Based on the MSU study, the Court found that prosecutors statewide struck 52.6% of eligible black venire members, compared to only 25.7% of all other eligible venire members. The probability of this disparity occurring in a race-neutral jury selection process was less than one in ten trillion. (See p. 58 of Opinion).

The Court found that MSU’s unadjusted data were consistent with an inference that race was a significant factor in prosecutors’ use of peremptory strikes in North Carolina at the time of Robinson’s trial, in the Second Judicial Division at the time of Robinson’s trial, in Cumberland County at the time of Robinson’s trial, and in Robinson’s trial itself, permitting “an inference of intentional discrimination.”

In the adjusted analysis, researchers identified four possible explanatory factors that were among the most common reasons given by prosecutors for exercising peremptory strikes. Some of the factors correlated with race, but were themselves race-neutral. They removed venire members with each characteristic from the sample, then analyzed strike patterns for the remaining sample. The four factors the researchers identified were: 1) any expressed reservations on the death penalty; 2) unemployment; 3) the venire member or a close relative had been accused of a crime; and 4) the venire member knew any trial participant. They also performed an analysis in which all venire members with any one of the four characteristics were removed.

Even in the adjusted samples, racial disparities were still observed:

The researchers also performed multiple logistic regression analyses to account for the effect of these and other factors, such as age, profession, and education. “O’Brien testified, and this Court finds as fact, that no regression analysis model with any combination of non-racial potential explanatory variables was ever identified that revealed the predictive effect of race to be attributable to any non-racial variable.” That is, even when researchers controlled for every identifiable variable, racial discrepancies were still found, showing as conclusively as possible that race was a factor in peremptory strikes.

In enacting the Racial Justice Act (RJA), the North Carolina General Assembly made clear that the law of North Carolina rejects the influence of race discrimination in the administration of the death penalty. The RJA represents a landmark reform in North Carolina, a state which has long been a leader in forward-thinking criminal justice policies.

Non-Statistical Evidence

Robinson and the State both presented non-statistical evidence, such as court transcripts and sworn affidavits. The Court found that the non-statistical evidence “overwhelmingly supports a finding that race was a significant factor in jury selection statewide, in the former Second Judicial Division, and in Cumberland County at the time of Robinson’s trial.”

Three witnesses testified about unconscious bias, noting that race influences decision-making processes at a subconscious level, and that those who are conscious of racial bias are reluctant to admit it.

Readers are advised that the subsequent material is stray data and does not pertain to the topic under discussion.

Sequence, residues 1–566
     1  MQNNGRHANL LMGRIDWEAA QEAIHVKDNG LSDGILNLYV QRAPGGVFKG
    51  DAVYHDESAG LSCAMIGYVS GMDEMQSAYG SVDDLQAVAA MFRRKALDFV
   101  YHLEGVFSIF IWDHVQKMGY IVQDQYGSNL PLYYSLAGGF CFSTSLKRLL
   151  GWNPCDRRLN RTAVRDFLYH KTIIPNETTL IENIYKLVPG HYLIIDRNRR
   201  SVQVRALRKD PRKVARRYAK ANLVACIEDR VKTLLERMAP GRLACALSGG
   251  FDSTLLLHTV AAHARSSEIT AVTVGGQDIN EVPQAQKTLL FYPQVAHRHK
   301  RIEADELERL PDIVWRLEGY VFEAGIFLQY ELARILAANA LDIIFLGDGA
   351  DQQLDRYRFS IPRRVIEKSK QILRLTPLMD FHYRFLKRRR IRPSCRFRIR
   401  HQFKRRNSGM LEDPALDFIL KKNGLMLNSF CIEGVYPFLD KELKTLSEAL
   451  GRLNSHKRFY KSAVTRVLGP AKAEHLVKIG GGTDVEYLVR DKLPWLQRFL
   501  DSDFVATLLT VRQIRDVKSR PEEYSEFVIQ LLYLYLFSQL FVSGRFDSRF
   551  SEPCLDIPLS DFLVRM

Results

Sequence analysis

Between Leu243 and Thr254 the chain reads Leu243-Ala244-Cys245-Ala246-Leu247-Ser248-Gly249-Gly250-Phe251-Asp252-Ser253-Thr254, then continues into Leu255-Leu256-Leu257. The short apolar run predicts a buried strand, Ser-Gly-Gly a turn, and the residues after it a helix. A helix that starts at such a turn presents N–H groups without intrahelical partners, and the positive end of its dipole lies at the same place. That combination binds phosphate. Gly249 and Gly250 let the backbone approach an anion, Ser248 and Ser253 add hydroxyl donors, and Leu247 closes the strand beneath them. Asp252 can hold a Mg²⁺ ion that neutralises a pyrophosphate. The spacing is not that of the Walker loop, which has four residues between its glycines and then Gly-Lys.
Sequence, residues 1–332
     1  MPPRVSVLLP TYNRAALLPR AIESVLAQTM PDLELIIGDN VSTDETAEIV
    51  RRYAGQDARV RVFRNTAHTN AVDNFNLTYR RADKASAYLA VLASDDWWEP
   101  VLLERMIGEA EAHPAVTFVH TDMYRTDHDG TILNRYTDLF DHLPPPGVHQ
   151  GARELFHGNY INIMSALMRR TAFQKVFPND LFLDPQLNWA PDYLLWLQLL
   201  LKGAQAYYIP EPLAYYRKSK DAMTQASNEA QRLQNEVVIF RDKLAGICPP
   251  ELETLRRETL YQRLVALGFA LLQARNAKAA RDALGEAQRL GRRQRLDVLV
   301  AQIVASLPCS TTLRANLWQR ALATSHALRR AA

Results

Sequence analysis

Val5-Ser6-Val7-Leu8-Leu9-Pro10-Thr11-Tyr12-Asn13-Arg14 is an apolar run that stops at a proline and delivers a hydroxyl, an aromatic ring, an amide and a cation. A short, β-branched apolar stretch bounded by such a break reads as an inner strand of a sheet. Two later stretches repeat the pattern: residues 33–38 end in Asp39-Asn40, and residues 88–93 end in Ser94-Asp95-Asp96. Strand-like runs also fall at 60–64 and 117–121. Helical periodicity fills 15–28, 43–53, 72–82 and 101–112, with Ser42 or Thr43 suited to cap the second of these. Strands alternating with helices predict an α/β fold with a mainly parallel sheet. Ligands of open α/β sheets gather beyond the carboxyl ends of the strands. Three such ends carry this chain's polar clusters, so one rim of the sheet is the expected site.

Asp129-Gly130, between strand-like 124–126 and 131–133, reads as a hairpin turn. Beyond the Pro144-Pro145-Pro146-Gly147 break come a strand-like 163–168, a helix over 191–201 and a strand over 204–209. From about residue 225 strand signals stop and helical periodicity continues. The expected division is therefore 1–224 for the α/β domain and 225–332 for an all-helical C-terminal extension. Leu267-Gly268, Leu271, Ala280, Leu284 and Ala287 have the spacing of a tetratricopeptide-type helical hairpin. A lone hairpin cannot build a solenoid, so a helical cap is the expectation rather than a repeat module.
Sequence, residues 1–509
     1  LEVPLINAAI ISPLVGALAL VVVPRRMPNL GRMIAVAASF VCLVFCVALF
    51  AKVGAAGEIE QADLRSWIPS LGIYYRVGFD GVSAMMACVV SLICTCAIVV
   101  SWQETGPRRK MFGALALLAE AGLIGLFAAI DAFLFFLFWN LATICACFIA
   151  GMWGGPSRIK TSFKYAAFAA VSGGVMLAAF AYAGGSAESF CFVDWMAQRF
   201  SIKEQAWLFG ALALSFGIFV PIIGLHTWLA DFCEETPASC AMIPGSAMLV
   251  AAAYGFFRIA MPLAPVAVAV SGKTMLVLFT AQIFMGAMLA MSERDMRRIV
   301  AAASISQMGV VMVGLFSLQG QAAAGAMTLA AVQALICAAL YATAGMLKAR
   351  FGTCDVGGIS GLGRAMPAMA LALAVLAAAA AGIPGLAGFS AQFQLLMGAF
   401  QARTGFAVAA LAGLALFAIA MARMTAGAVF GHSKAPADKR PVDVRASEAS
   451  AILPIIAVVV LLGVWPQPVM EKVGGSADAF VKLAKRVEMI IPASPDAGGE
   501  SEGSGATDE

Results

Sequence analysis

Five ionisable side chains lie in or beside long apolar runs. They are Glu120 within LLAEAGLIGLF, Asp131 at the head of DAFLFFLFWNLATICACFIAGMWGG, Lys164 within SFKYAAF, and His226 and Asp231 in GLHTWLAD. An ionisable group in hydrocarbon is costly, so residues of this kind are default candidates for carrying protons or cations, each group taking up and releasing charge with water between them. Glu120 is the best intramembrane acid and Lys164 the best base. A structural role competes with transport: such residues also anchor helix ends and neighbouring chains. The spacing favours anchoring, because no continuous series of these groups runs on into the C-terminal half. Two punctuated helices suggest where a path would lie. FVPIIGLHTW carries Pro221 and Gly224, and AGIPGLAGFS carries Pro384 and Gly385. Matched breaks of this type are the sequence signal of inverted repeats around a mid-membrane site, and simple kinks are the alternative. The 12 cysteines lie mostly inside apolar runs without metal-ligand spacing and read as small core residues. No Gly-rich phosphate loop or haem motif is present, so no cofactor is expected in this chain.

The State’s statistical expert, Joseph Katz, testified about a prosecutor survey he conducted, in which he asked prosecutors to provide a race-neutral reason for the peremptory strikes of every African-American from the MSU study. He was able to collect responses for approximately half of the struck venire members. The Court criticized his survey for its poor methodology (requesting a race-neutral explanation, rather than asking why a specific juror was struck), his reliance on self-reported data, his close work with the State in designing and implementing the survey, and the fact that he circulated a sample affidavit to prosecutors, potentially skewing their responses. Additionally, the Court noted that the survey’s 50% non-response rate suggested that the non-responding prosecutors may have discriminated on the basis of race in selecting capital juries.

Included in the non-statistical evidence presented by Robinson were a number of case examples of discrimination. African-Americans, for example, were struck for membership in the NAACP or for attending a historically black university; some African-Americans were subjected to different questioning than other jurors; and some African-Americans were struck for what the Court called “patently irrational reasons,” such as past service in the U.S. Army or answering questions with “yeah.” Robinson also presented numerous instances when prosecutors struck African-American venire members for a seemingly objectionable characteristic but then accepted non-black venire members with comparable or even identical traits.

Three witnesses testified on the availability of training programs on how to minimize the effects of racial bias. In its closing argument, the State conceded that such trainings might be beneficial.

In the first case to advance to an evidentiary hearing under the RJA, Robinson introduced a wealth of evidence showing the persistent, pervasive, and distorting role of race in jury selection throughout North Carolina. The evidence, largely unrebutted by the State, requires relief in his case and should serve as a clear signal of the need for reform in capital jury selection proceedings in the future.


The Court concluded “that Robinson has established that race was a significant factor in decisions of prosecutors to exercise peremptory strikes in Cumberland County, the former Second Judicial Division, and in the State of North Carolina…from 1990 to 2010.” The ruling stated that Robinson’s statistical data, as well as the anecdotal and historical evidence presented by Robinson, showed patterns of discrimination, and that the State’s rebuttal was insufficient to rebut Robinson’s case.

Although the RJA does not require proof of discrimination in the defendant’s particular case, Judge Weeks found “that race was a significant factor in prosecutorial decisions to exercise peremptory strikes in Robinson’s capital trial.”

Robinson’s death sentence was vacated, and he was resentenced to life imprisonment without parole. The State may appeal Judge Weeks’ decision to the North Carolina Supreme Court. One hundred and fifty other death row inmates have filed challenges under the RJA, some claiming racial discrimination in the selection of cases, others claiming bias in jury selection.